The Census of Agriculture’s Impact on Farm Programs and Policy.
Why is Census data important to American agriculture and its producers? The Census data provides the agriculture industry with a wealth of information, including land use and ownership, farmer demographics, production practices, income, and expenditures. The USDA’s National Agricultural Statistics Service (NASS) collects this farm data, which is used by both stakeholders and legislators to,
- Provide insights on historical trends in agriculture;
- Highlight improvements and needs within the agricultural community;
- Set a baseline for future projections; and
- Shape policy, programs, and allocation for government funding.
The NASS Changes Ag Census Questionnaire to Improve Accuracy of Key Statistics
Because the ag Census has a widespread impact on the state of American agriculture, it is critical for the NASS to revise the Census questionnaire before each mailing–to therefore provide equitable representation and capture data points that are relevant to today’s ever-evolving industry.
How the Agriculture Community Shapes the Census Questionnaire
After the 2012 Agriculture Census, the NASS reviewed feedback from the agriculture community and primary stakeholders to address concerns of potential discrepancies in the farm data. One such concern was the inability to put more than one person as a primary operator, therefore potentially skewing representation of female operators, younger generations, and minorities.
In 2015, a panel of experts was created to revise the Census questionnaire to more accurately represent the true demographics of U.S. farmers and ranchers. Through deliberation and consideration of stakeholder input, panelists replaced the single primary operator question with a range of questions on farm management decisions and allowed up to four primary operators. These changes boosted inclusivity and improved accurate representation of the diversity of operators on American farms.
New crops were also added to better represent specialty crops and terminology adjustments were made to improve analytic reporting. Specialty commodities include horses, bees, elk, emus, fish, nursery, and more. An explanation of each section was provided through a Census appendix to ensure information was recorded as accurately as possible. All these adjustments showed several significant findings and statistical shifts within the agriculture community.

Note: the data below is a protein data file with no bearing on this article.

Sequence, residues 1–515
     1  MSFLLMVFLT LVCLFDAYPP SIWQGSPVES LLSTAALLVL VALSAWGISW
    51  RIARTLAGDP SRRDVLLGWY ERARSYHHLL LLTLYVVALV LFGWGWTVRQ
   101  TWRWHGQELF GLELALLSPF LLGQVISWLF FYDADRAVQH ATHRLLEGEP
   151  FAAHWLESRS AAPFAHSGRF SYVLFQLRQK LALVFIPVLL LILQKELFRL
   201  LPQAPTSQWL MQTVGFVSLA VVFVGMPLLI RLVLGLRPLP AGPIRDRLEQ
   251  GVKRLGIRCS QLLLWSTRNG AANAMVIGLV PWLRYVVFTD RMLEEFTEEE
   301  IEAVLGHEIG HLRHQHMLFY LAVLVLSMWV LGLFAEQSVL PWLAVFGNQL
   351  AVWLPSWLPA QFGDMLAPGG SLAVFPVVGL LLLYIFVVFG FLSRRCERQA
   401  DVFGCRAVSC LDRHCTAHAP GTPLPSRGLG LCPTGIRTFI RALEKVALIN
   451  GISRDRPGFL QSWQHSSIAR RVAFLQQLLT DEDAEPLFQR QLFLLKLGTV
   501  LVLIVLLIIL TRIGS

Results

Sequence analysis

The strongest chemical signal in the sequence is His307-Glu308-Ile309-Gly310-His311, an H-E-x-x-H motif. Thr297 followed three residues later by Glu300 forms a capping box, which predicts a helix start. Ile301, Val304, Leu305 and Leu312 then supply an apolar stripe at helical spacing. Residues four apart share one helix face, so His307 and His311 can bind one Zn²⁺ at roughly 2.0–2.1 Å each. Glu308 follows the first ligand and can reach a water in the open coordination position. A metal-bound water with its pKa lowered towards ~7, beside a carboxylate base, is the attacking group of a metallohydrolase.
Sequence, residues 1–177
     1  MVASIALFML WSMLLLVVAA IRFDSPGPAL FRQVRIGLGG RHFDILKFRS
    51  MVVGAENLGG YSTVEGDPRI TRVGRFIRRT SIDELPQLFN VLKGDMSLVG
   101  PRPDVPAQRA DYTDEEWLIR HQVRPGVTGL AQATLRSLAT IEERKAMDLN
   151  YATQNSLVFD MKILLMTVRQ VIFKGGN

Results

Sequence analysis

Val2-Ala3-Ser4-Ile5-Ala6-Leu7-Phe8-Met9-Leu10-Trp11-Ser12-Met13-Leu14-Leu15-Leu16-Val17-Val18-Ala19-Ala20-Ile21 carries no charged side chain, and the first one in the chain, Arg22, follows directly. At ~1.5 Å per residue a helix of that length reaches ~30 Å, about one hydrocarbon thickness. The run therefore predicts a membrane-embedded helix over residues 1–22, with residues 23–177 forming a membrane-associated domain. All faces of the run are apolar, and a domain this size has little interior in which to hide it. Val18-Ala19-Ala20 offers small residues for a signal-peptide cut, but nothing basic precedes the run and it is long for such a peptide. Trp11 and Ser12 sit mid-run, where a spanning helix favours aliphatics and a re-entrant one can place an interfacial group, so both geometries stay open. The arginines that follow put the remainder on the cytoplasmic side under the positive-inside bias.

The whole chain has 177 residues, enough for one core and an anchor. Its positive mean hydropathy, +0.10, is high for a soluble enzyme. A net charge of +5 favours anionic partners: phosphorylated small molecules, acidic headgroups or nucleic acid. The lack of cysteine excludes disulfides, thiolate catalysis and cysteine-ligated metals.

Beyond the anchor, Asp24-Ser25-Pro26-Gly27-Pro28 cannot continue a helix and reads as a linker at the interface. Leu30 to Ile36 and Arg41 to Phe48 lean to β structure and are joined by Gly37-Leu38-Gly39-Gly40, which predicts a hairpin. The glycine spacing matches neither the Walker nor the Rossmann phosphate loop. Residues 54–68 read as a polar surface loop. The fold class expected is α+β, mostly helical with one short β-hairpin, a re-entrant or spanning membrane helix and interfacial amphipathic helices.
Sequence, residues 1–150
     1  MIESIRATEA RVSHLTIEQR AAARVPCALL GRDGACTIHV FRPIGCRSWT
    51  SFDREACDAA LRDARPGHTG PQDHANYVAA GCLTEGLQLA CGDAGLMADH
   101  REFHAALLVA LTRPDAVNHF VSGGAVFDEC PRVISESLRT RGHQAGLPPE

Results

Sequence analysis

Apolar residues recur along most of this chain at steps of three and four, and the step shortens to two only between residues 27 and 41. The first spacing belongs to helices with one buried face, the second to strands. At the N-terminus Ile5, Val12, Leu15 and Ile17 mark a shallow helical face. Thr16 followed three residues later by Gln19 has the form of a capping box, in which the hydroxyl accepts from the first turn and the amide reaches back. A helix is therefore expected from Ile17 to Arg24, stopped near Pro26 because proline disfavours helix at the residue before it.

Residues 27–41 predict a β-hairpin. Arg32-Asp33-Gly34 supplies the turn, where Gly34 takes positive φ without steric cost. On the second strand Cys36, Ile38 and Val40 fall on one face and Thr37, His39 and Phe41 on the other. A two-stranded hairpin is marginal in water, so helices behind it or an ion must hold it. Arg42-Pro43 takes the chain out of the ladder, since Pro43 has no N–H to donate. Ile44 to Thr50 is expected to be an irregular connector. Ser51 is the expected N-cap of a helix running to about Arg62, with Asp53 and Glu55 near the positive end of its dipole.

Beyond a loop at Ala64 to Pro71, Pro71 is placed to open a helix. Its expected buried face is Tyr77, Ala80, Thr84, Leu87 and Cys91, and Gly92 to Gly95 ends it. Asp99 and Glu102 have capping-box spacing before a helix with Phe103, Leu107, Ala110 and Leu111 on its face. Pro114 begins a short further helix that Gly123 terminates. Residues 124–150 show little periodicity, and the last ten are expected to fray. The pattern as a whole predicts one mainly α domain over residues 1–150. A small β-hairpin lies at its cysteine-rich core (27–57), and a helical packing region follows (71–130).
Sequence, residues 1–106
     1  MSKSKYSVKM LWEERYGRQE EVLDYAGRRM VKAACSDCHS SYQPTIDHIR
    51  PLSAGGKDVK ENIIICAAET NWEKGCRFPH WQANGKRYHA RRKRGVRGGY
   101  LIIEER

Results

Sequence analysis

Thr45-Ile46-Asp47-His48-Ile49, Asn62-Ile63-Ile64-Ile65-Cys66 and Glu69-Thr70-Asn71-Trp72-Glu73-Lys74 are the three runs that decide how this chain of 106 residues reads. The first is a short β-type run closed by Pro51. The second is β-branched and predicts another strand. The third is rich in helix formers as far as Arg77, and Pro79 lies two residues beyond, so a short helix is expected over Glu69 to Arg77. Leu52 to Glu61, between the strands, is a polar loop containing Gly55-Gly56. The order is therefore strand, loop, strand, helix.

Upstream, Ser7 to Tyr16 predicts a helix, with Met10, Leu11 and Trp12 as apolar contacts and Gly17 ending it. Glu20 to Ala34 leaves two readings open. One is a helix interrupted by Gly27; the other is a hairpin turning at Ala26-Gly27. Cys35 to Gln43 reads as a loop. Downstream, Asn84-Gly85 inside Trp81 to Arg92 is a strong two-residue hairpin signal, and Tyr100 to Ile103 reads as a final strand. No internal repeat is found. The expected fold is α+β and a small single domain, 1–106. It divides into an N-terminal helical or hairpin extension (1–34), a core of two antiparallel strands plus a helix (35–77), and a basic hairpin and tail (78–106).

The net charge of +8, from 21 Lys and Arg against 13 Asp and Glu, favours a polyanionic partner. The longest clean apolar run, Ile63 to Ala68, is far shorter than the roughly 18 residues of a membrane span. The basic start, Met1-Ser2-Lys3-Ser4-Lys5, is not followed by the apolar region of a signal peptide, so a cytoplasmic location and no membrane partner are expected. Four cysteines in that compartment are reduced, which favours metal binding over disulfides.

2017 Census of Agriculture Key Highlights
Consolidation of America’s Small Farms
The 2017 Census showed both growth and decline in U.S. farm size and acreage. The number of U.S. farms decreased by 3.2 percent. However, average farm size increased 1.6 percent, indicating a trend towards larger farms and a decrease in mid-size farms. Major factors contributing to this farm consolidation include,
- Technology and production capacity;
- Retirement of principal operators; and
- Labor shortage and related expenses.
Female Principle Operators More than Double from 2012 to 2017
Adjustments to the 2017 ag Census, allowing for multiple principal operators, led to a more accurate depiction of the prominent role women play in U.S. agriculture. The number of female principal operators more than doubled from 13 percent to 29 percent. Census revisions were a major factor in this substantial increase, but not the entire reason. The four percent jump in the total number of women in the agricultural workforce indicates a steady growth of females across the industry as a whole.
U.S. Farms Witness a Shift in Input Expenses
Another notable highlight from the 2017 Census of Agriculture was the shift in farm input costs. From 2012 to 2017, total production expenses were down from $329 billion to $326 billion. The categories that witnessed the greatest decline in expenses were feed, fertilizer, and fuel.
This data is highly important to the USDA’s 10-year forecast of agricultural production as it paints a clearer picture of how shifts in production expenses affect consumer end-pricing.
Discover key findings from the 2017 Census of Agriculture by downloading a copy of The State of American Agriculture.
Using Farm Data to Make Better Decisions for Your Farm Operation
At AgAmerica we understand the value and role data plays in making financial decisions for your operation. Data provided by the 2017 U.S. Census of Agriculture will continue to impact funding decisions made over the next several years. As the agriculture industry continues to change, we will remain at the forefront, ensuring that our U.S. farmers and ranchers are equipped with resources and key insight to help them position their operations for long-term success. Speak with a loan specialist today at firstname.lastname@example.org or 844.516.8176 to learn how we can help prepare you for a stronger financial future.